Thankfully, Tim Curry is still with us for his 75th year, but an unfortunate stroke in 2012 has largely deprived us of his presence onscreen. His last acting role came that same year in a previously filmed performance of Eric Idle’s What About Dick? After that, a few voice performances that he had recorded before his stroke trickled out over the next few years. Rarely appearing in public at all, it seemed likely that this would have been the end of Curry’s career. Fortunately, and unexpectedly, he managed to find the perfect bookend to his career with a pair of returns to the story that started it all. With the help of some judicious editing, he was able to play the Criminologist in the 2016 TV Adaptation, The Rocky Horror Picture Show: Let's Do the Time Warp Again. And, in 2020, with a great deal of help from his fellow cast members, he was able to return to the role of Dr. Frank-N-Furter as part of a live-streamed performance to raise money for the Wisconsin Democratic Party ahead of the 2020 elections. The limitations of his speech are apparent in both, but each of these performances is still worth seeking out if only to see the infectious light to the man that still shines through.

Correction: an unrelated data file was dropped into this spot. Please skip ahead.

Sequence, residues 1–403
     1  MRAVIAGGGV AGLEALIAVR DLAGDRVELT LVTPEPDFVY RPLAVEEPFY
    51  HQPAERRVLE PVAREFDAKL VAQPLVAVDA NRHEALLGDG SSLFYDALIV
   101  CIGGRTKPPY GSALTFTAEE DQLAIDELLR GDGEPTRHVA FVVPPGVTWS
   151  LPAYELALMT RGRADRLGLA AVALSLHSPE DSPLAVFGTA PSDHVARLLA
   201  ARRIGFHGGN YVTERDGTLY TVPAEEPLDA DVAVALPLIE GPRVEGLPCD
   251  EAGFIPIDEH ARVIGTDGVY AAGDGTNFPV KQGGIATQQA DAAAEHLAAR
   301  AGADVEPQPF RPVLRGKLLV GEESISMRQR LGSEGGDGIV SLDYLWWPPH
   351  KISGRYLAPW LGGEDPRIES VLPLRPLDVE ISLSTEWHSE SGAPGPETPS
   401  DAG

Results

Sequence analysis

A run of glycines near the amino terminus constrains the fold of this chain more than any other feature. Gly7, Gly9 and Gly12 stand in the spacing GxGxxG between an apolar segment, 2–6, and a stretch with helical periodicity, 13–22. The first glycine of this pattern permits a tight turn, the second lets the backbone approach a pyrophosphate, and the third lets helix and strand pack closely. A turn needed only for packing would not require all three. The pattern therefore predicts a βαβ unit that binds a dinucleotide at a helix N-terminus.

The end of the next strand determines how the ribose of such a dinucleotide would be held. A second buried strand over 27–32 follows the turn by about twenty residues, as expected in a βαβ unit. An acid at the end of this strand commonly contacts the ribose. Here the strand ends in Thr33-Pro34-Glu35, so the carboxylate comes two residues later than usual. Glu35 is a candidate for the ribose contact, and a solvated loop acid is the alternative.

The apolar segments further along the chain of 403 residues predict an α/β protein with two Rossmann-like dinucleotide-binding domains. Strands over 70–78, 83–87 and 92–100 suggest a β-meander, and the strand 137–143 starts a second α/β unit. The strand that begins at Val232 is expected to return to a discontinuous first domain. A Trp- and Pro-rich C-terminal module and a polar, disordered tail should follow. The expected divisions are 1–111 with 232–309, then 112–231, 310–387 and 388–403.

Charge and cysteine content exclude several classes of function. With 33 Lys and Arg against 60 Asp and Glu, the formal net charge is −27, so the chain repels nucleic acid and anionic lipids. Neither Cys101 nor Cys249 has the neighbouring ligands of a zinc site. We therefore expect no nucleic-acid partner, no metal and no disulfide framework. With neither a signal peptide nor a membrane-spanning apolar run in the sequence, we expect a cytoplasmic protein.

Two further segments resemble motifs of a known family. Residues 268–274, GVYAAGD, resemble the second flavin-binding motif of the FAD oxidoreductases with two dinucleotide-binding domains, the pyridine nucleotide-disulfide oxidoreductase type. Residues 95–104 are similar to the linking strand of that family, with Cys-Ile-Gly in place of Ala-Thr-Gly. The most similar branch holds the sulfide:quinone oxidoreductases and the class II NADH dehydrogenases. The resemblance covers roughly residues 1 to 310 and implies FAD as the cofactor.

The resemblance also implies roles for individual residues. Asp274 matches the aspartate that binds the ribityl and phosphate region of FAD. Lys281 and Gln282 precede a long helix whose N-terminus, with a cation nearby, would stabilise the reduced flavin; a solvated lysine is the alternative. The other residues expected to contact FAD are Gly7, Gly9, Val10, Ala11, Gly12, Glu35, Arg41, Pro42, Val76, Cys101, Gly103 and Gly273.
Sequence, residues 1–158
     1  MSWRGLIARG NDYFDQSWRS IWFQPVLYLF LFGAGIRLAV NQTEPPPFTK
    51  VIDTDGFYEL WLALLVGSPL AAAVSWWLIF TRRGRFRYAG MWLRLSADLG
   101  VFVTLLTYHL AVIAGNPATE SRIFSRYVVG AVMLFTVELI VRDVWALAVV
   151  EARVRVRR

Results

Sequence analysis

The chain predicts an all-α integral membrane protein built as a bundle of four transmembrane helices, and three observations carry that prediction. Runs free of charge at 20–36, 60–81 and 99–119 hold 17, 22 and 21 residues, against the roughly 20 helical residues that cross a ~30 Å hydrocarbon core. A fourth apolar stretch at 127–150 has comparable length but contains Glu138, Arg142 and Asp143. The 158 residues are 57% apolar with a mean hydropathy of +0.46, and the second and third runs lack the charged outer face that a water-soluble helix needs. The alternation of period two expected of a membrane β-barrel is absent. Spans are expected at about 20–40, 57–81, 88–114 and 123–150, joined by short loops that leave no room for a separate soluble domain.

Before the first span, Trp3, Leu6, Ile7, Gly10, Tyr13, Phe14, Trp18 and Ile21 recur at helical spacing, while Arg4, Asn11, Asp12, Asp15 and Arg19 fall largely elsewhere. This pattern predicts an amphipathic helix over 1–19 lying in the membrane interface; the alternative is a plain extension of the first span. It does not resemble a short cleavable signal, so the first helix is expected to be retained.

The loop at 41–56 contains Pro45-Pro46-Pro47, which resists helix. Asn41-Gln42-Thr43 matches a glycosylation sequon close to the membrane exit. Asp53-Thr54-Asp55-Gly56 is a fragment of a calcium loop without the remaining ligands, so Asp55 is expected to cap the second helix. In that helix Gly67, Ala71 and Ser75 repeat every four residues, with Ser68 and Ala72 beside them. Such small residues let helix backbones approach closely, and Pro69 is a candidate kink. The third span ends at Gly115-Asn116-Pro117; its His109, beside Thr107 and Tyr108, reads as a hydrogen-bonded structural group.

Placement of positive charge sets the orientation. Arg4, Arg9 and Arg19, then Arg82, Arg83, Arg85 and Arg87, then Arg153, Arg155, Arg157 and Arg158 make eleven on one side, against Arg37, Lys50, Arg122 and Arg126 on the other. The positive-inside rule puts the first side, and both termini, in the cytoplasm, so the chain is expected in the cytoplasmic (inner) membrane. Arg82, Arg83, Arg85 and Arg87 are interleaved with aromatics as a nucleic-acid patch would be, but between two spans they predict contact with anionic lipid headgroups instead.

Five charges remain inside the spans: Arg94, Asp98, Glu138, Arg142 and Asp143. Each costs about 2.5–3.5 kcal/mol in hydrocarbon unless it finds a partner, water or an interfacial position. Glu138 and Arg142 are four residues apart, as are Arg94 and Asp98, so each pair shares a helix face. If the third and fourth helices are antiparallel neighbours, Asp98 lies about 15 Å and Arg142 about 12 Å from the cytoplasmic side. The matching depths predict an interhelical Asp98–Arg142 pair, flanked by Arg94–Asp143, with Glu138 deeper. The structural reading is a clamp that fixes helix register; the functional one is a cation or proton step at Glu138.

Damian Masterson

Damian is an endothermic vertebrate with a large four-chambered heart residing in Kerhonkson, NY with his wife and two children. His dream Jeopardy categories would be: They Might Be Giants, Berry Gordy’s The Last Dragon, 18th and 19th Century Ethical Theory, Moral Psychology, Caffeine, Gummy Candies, and Episode-by-Episode podcasts about TV shows that have been off the air for at least 10 years.